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THE UNPROFESSIONALS: Your Ego is Not Your Amigo

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By Tyler Hooks

The Unprofessionals is sporadic column of thought and opinion written by Tyler Hooks. The views and opinions expressed in this article are those of the author and do not necessarily reflect the official policy or position of LiveRC. 

I have problems with this myself so before anyone jumps out to call me a hypocrite, I’m going to work on it myself. Also I am not taking jabs or calling out anyone specifically just commenting on trends developing. My mom always said if you don't have anything nice to say then don't say anything at all. I love my mom but if we don't talk out issues and mistakes especially using the correct mediums, then we will never improve. 

There is normal joking and ribbing with your buddies, there are even some productive debates on politics or racing which is fine, but if you have a genuine problem with someone lets take a step back and keep it off of social media. Before social media back before I can remember, you had to either talk your problems out with someone, write them a letter, send them a smoke signal, send an email, a text, a call, or even IM them. The first instinct wasn’t to just jump on Facebook to call them out, and I think we should regress in a sense and get back to that.

Facebook specifically is a dark hole of opinions riddled with misdirection and confusion. Calling someone out in a social forum has major consequences to the overall truth. Ultimately there are normally three sides to every story - yours, mine, and the truth. Unfortunately on Facebook the one that most often gets pushed to the side is the truth, so the audience is creating their opinions without the full story or all the information. 

The most recent topic of debate or criticism has been track layouts, so here is my take and there are two sides to it. First off, as a race promotor and series manager I am calling out other race promotors and track builders to please pay attention when creating tracks, 40 foot booster jumps look super cool, but are extremely dangerous for marshals. Those type of jumps are really fun for about 15 minutes, but when you see a considerable amount of broken cars at the end of the weekend maybe it was taken too far. Ultimately toy cars can get expensive when you are blowing servos and bending chassis in practice.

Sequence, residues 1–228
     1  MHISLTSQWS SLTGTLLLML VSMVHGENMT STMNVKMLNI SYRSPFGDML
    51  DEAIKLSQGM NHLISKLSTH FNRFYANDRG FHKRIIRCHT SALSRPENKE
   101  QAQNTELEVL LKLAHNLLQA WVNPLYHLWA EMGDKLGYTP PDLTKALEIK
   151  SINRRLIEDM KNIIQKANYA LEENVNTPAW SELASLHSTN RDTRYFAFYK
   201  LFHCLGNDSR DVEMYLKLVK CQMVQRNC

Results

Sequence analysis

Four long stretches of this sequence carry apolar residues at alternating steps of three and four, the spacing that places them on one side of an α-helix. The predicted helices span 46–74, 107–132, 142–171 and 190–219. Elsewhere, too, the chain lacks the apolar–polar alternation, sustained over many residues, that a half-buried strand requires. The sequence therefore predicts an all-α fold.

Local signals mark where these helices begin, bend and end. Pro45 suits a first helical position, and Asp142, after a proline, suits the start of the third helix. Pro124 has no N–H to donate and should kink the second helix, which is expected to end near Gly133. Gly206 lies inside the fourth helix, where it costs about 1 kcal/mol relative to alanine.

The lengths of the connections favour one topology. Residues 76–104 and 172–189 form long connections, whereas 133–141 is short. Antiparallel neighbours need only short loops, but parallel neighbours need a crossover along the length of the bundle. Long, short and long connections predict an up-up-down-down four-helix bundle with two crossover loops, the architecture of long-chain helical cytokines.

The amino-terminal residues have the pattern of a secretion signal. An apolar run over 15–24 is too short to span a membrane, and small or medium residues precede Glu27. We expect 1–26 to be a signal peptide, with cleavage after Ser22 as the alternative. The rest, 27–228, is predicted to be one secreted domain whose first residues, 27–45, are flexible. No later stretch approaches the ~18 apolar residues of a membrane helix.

Secondly, the RC community, please stop calling tracks boring. The most common thing to see in the chat room on Facebook or in forums is how boring the track layout looks. I think a good analogy is you could have a mild tame track where the field is separated by less than 10 seconds for 10 minutes, or you could have a rollercoaster of a track with Tessmann or Maifield or whoever winning by over a lap in 10 minutes. I personally would rather see close racing. 

Maybe I’m wrong and everyone does want these more extreme tracks, but I would expect to see more waiver forms come with them, and racers will have to anticipate larger weekend bills. I guess we as racers need to do our best to decide what we want collectively, and then promotors need to do their best to listen. 

Huge shoutout to anyone who takes time out of their life to work on a track or a series or a specific event. You will never be able to please everyone, but lets collectively do our best to entertain as many as possible, and to keep our dislikes to ourselves or those involved. 

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About the Author

Tyler Hooks is a recent college graduate with a BBA in management and a Minor in Communications from St. Edwards University as well as a ROAR Stock National Champion and was apart of the IFMAR World Championship USA team in 2016. Tyler is currently an Editor as well as in the Advertising department at Live Race Media and frequently is apart of the broadcast team at major events.

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